Therapeutic intervention and high-order adjustments of recursion


  • Cláudio Carvalho



Therapies of second order, Problem-System, N. Luhmann, Circular Questioning, Reflecting team.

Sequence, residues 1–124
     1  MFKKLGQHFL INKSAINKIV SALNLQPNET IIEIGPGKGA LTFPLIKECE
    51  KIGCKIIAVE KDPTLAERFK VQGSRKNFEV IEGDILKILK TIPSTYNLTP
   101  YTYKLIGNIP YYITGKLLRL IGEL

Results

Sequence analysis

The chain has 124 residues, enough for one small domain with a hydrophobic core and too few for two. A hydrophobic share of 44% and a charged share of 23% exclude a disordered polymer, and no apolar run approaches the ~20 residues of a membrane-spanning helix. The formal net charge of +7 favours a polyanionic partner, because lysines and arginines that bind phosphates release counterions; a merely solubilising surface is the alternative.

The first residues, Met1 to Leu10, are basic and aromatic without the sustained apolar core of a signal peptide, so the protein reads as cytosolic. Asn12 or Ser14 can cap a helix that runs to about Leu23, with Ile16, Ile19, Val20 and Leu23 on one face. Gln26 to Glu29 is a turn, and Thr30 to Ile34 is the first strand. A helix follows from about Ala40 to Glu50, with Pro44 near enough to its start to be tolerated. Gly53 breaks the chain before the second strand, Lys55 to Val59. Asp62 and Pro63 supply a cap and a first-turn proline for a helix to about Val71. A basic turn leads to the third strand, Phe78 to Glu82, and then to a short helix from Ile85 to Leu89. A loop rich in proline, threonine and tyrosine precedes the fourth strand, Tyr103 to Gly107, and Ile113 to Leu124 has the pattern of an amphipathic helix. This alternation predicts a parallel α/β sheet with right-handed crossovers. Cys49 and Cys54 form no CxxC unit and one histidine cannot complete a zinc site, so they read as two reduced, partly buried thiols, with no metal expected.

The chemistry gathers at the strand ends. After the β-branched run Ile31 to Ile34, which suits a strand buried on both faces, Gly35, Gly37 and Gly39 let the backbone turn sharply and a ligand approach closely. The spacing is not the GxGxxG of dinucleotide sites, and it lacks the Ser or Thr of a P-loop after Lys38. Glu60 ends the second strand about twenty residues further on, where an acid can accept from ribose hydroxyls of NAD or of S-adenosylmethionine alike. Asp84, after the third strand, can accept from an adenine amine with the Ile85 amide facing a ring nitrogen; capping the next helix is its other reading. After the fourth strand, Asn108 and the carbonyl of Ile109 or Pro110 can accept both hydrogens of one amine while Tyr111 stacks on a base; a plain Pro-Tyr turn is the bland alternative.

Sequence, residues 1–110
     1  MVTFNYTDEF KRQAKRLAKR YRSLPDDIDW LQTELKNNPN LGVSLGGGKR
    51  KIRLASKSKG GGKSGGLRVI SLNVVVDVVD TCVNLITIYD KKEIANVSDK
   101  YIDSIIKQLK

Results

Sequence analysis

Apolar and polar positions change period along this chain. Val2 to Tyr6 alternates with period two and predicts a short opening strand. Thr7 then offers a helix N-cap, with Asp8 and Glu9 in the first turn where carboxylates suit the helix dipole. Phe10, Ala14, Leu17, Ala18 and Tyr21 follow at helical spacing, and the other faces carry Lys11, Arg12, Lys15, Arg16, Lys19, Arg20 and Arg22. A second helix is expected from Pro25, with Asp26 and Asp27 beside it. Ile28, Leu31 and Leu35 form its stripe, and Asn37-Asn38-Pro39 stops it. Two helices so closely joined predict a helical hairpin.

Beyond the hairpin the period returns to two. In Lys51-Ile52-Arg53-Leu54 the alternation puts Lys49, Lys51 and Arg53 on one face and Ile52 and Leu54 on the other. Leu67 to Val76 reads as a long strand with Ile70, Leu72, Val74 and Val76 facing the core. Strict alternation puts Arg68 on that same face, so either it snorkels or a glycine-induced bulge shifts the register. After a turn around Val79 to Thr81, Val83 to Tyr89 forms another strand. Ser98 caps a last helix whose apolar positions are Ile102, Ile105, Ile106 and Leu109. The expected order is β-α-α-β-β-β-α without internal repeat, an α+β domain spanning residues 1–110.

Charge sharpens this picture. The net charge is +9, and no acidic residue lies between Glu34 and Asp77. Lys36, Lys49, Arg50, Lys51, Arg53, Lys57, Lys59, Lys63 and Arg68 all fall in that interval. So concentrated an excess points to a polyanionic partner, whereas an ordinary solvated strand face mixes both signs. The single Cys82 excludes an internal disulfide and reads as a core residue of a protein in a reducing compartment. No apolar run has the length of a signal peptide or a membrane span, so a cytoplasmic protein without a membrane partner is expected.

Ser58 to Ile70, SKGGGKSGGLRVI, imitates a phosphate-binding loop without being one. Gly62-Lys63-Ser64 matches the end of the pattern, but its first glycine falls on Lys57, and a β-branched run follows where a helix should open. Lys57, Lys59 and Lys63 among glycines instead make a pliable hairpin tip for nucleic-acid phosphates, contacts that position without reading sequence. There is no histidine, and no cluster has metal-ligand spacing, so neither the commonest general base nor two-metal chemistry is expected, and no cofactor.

The introduction of second-order cybernetics on therapeutic practices required a deeper acknowledgement of the role and purpose(s) of the therapists on the transitory system they create with their patients. This requirement, forced their self-reflection as both observers and agents of change or irritation of communicative and cognitive processes. Another major consequence concerned the understanding of dysfunctions, no longer conceived as “real” independently from an epistemic standpoint that begins by delineating its composing elements and relations using a particular notation. The insertion of “second-order sciences” in therapeutic models involving psychic and communicative systems lead to a more sensible attunement of recursive interventions, due to a greater attention to high-order processes of punctuation of events and learning acquisitions. Focusing on the case of family therapy, we sustain that the acknowledgement of uncertain repercussions of interventions in the equilibrium of a system (or organization) is not a sign of weakness of therapy. Supported on Luhmann’s account of the family system, and stressing some of the affinities of his operative constructivism with second order cybernetics, we understand the uncertainties of therapy as 1) a consequence of the “individuation” of modern society and 2) a call for renewed and creative forms of therapeutic intervention. Through a brief presentation of Circular Questioning and of the resource to Reflecting Teams, we inspect how the therapeutic observation is dependent upon sequences of reentry that assume different levels of description. Acknowledging the consequences of modern forms of differentiation, Systemic therapy, but also forms of psychotherapy, underlined the frailties of pre-established modes of assessment and intervention. More profoundly, they denounced the insufficiency of normative models imposed to persons, “fixing” the coupling between the psychic and communicative forms. In a wide range of disorders, approaches that dispense with the 1) active enrolment of the patient in the changing process and 2) the recursive evaluation (and readjustment) of the punctuation of sequences, its self-reflection, tend to originate high order problems. This reopens the discussion of the unacknowledged assumptions of therapies within a new theoretical framework, concerning their first-order observers (both client/patient and therapist(s)), and the various levels whose distinctions guide their interaction


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